Since the start of the year, BP (LSE: BP) has risen by 27%. As a result, many investors may feel that BP is due for a price fall, owing to profit-taking among investors. And with the outlook for oil in the near term being highly uncertain due to a continued imbalance between demand and supply, a pull-back in BP’s share price can’t be ruled out.

However, for long-term investors, BP remains a very appealing buy. It may continue to be volatile and its financial performance may prove to be rather lumpy. However, BP offers a world-class asset base that’s highly diversified and capable of delivering improving profitability, at a relatively low valuation. For example, BP trades on a price-to-book (P/B) ratio of just 1.15 and while this represents a premium to net asset value, there’s scope for additional goodwill over the coming years.

That’s because BP is now moving on from the Deepwater Horizon oil spill and while investors may be concerned about the prospect of further sanctions against Russia, investor sentiment towards BP is much more buoyant now than it was a few years ago. Therefore, with sound finances, a low valuation and improving investor sentiment, now could be a great time to buy BP.

Pain priced-in?

Similarly, Santander (LSE: BNC) has endured a challenging period in recent years. As with BP, further difficulties could lie ahead since two of Santander’s key markets. Brazil and the UK, have relatively hazy financial outlooks. Therefore, despite being a global bank that’s well-diversified, Santander could still find its bottom line coming under pressure if the macroeconomic outlook deteriorates in Brazil or the UK, both of which seem to be on the cards.

Despite this, Santander offers a sound long-term outlook. Its balance sheet is robust thanks to a recent fundraising and its price-to-earnings (P/E) ratio of 9.3 indicates that it offers upward rerating potential. Furthermore, Santander’s valuation shows that it has a wide margin of safety, with the market apparently pricing-in more difficulties for the bank. Should they fail to be as severe as expected, Santander could deliver stunning capital gains, while its downside may be limited by its super-low valuation.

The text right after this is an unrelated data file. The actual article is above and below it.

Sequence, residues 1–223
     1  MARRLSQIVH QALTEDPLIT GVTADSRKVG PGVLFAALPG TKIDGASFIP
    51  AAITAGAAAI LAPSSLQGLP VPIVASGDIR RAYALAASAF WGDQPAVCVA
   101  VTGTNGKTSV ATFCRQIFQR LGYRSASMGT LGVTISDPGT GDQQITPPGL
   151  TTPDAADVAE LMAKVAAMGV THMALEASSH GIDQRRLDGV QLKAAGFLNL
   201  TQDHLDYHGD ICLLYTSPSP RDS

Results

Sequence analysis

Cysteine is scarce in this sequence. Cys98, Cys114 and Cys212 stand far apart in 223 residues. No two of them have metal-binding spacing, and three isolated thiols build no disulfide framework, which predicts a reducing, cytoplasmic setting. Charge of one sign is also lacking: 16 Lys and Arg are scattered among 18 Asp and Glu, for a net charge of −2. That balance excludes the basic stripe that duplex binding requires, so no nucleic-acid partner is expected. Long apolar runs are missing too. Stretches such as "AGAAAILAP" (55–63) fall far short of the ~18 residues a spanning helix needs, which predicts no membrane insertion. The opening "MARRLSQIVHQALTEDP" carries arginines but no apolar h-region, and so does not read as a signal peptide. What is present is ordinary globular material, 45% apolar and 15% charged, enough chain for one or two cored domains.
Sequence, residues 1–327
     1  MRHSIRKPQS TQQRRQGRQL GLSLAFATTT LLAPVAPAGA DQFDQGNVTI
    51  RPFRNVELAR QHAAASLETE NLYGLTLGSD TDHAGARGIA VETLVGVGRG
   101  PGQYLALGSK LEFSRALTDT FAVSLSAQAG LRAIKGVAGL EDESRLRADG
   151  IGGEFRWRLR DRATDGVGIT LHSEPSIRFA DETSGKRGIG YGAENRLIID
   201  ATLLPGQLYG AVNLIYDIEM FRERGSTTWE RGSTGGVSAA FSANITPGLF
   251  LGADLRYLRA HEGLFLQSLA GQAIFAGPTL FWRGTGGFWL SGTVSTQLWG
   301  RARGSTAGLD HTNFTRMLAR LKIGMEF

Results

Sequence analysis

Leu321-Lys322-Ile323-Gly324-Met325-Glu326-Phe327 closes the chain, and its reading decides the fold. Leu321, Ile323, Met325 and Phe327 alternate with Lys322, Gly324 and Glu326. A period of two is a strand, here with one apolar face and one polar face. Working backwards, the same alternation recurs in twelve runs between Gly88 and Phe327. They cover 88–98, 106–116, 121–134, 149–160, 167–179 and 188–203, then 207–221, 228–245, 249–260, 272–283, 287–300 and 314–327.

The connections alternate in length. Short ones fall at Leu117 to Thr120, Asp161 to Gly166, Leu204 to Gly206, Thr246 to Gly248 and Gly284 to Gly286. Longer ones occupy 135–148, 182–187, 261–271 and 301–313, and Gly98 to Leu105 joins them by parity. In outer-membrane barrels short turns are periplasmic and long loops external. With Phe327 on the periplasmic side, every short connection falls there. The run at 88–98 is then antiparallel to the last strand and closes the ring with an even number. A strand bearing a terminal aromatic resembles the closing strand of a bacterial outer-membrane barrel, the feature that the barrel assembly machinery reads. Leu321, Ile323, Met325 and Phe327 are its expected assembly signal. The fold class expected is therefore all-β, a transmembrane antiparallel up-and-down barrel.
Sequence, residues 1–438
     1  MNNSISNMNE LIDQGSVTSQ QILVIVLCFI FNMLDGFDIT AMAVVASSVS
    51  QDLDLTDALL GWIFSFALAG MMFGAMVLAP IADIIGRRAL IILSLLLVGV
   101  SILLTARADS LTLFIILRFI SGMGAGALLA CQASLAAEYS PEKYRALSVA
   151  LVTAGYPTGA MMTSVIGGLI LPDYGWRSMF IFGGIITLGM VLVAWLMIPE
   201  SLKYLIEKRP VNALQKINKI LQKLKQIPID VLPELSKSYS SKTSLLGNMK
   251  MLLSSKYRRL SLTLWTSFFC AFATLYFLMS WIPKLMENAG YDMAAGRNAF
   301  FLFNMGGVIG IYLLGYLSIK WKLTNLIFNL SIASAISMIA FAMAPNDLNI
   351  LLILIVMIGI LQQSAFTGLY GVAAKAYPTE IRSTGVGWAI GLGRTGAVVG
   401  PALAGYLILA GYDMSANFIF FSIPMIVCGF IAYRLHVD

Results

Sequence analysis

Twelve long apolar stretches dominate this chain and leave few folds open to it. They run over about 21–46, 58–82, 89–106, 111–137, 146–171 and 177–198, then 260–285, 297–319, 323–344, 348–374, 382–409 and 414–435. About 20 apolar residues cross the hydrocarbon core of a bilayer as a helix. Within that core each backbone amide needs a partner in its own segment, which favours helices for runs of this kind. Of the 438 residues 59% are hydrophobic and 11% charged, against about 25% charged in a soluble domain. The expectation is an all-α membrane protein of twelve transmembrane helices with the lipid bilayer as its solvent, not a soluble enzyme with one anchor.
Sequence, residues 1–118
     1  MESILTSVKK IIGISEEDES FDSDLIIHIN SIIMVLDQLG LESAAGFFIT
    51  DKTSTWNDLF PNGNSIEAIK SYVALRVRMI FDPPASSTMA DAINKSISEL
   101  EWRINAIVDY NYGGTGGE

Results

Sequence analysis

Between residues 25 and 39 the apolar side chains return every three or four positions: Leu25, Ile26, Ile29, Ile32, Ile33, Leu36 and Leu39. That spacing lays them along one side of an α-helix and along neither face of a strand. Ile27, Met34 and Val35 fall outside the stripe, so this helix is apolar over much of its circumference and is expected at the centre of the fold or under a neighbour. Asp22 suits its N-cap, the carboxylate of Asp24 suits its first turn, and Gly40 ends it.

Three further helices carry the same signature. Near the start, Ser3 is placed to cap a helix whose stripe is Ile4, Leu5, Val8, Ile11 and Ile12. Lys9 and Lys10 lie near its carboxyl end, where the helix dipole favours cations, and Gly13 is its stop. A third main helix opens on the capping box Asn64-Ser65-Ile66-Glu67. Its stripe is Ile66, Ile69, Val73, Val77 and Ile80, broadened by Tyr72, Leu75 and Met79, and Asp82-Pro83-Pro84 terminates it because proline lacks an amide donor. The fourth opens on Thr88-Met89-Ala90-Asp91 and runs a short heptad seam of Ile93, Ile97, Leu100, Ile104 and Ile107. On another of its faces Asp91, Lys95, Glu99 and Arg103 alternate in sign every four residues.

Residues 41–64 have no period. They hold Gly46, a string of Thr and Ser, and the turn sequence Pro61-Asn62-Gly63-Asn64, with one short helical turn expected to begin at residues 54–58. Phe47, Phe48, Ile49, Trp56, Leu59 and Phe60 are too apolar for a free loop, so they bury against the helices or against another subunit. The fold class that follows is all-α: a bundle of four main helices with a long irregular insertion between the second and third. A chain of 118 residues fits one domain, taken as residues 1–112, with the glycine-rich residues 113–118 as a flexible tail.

Income play

Meanwhile, shares in flooring specialist James Halstead (LSE: JHD) have fallen by 20% since the turn of the year. While disappointing, the company’s financial performance could gain a boost from weaker sterling since exports form an important part of its business. Certainly, this may be offset by higher costs thanks to the potential for higher inflation, but with Halstead having a good track record of growth, its long-term future is likely to be bright.

As well as growth potential, Halstead also offers a generous yield of 3.5%. Dividends are covered 2.1 times by profit and this indicates that even if profit growth stalls somewhat, there’s still scope for an increasing income return for the company’s investors. With interest rates set to fall, James Halstead could become an increasingly popular income play, which may act as a positive catalyst on its share price.

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Peter Stephens owns shares of BP. The Motley Fool UK has recommended BP. We Fools don't all hold the same opinions, but we all believe that considering a diverse range of insights makes us better investors.